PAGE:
In today’s tough global economy, businesses focus more than ever on retaining existing customers and lowering operating costs. Customer relationship management strategies and systems, which only recently held the promise of higher profit and improved relationships, face increasing management scrutiny.
Many issues surround CRM. Some companies mistakenly thought all they needed was high-priced software to evoke CRM and solve all their problems of waste. But with today’s economy, can a company afford to build a relationship with its customers if the customers are not paying for the effort through higher margins or improved lifetime value? Many companies have found that there are serious problems with identifying the “right” customers.
First, most databases have incomplete values in their characteristic tables. This means that conventional software overlooks some customers during searches because it’s been programmed to find customers with specific attributes. A second problem is the lack of serious metrics to prove that CRM is working. Many companies don’t take the time to identify critical metrics such as lifetime value, share of wallet and cost of acquisition or retention.
The most important issue is that customers don’t just want to be marketed to, they want to be well served. Most companies are notoriously ill-prepared for the challenges posed by increasingly demanding business and consumer customers.
Compounding these problems is that a company’s systems often don’t talk to each other, which makes a 360-degree view of the customer impossible. The more realistic 180-degree view means that only about half of the potential customer interaction with the company is tracked. Most automotive companies, as sophisticated as they are, still don’t have their service data integrated with their customer data, and many don’t share the information with their dealer organization.
Pulling together customer information and mounting better marketing campaigns won’t make it easier or more enticing for customers to do business with a firm. Companies are looking everywhere to find efficiencies and budget-stretching measures. According to a recent Advertising Age poll, ad budgets are getting tighter and measuring results is more important in this down economy. Fifty-five percent of agencies and marketers think budgets will decrease in the next 12 months.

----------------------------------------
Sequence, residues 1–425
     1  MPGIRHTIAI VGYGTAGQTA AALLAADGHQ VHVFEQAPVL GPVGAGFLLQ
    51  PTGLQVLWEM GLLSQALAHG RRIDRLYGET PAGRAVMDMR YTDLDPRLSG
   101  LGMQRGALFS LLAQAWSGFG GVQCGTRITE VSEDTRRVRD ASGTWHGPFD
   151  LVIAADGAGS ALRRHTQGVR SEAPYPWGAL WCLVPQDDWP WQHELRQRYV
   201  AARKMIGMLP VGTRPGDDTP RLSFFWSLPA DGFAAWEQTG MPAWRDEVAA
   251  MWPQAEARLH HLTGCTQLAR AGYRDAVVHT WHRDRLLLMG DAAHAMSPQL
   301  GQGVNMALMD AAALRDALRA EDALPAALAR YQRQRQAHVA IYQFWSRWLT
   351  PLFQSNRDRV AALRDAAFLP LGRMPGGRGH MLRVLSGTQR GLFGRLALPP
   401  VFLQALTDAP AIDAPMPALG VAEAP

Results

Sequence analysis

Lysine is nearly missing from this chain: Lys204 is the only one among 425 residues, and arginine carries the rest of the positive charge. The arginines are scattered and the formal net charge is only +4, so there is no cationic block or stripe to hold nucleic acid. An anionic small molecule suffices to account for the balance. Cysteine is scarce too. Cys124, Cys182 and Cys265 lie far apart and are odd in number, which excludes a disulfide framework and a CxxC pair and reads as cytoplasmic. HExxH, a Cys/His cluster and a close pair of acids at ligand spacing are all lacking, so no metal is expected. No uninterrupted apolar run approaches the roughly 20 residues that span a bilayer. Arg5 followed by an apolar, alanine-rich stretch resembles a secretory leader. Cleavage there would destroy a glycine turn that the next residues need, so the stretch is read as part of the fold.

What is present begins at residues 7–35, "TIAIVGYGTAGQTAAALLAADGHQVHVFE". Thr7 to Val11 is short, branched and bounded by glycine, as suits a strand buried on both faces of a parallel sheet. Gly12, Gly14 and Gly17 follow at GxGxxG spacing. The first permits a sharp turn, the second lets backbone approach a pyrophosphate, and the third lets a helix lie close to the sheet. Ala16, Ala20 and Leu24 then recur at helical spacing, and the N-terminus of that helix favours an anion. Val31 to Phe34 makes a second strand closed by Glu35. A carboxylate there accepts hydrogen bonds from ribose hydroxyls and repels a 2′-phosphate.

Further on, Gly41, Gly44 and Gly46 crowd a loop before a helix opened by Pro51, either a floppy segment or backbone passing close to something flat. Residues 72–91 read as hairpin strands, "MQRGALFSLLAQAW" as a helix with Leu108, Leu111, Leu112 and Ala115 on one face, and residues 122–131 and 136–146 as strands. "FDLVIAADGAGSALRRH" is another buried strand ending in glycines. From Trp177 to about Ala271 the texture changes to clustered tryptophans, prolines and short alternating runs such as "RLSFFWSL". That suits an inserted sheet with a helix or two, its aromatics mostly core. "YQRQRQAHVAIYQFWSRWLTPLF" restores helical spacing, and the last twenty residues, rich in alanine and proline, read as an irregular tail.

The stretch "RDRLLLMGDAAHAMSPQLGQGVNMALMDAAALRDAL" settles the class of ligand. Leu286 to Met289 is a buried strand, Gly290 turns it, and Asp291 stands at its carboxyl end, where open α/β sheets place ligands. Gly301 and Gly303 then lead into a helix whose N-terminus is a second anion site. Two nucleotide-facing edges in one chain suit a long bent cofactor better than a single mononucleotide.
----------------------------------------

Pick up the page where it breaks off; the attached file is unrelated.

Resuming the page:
The ability to target a client’s best customers was rated an important media attribute by 85 percent of respondents. The ability to document a campaign’s effectiveness and to negotiate cross-platform deals was mentioned by 50 percent and 49 percent of respondents, respectively.
On the upside, DM activities continue to surge forward. Marketers want to have more accountable forms of customer contact. They know that selling to their best customers is the key to success. However, finding the customers will become increasingly difficult without the proper metrics.
Where should you invest your scarce marketing resources? How can you transform your business from a collection of data silos and separate departments into a streamlined, customer-driven pipeline where customer needs and requests appear at one end and product development, delivery and service take place in a transparent and dynamic environment?
It is more important than ever to adopt a new policy of being customer-centric, where the entire company is focused around the customer, one customer at a time. “OK,” you say, “but we have 15 million customers in our data files, some haven’t made a purchase in more than a year and we don’t know if others are even at the same addresses.”
Your company is hooked on the drug called “sales at any price.” To overcome this unprofitable addiction, you need to work on two levels.
First, you need to sell upper management on identifying your best customers. Don’t worry, your CFO and CEO will be eager to help pay for customer portraits. We have never heard of an instance where the top guy has not agreed when a marketer said, “If I knew who our customers were, I could advertise and communicate to them more effectively by leveraging and maximizing our communications investment.”
While this is going on, start with the metrics of lifetime value by identifying the cost of customer acquisition and the cost of customer retention. Find out where your revenue really comes from. It is not unusual for a company to find that 25 percent of its customer file produces 70 percent to 80 percent of its revenue. It doesn’t take a rocket scientist to realize, “Let’s focus our investment dollars where we get the biggest bang for the buck.”
It’s always surprising that even today, many companies still send direct mail pieces to their entire data file. Some even do 24 mailings a year to their entire file.
If you listen to your customers, or at least pay attention to their behavior, you’ll find that mass mailings are wrong. What all your customers want is for the company to communicate with them when they are in the market. To do this, you need improved metrics that can measure customer value. Then you can market to your best customers one at a time, in a relevant and timely fashion. It’s not a dream. The technology is available.
Already there are enlightened customer-centric companies that use all the media channels to market intelligently to their best customers and simultaneously find new buyers who look the same as their best customers.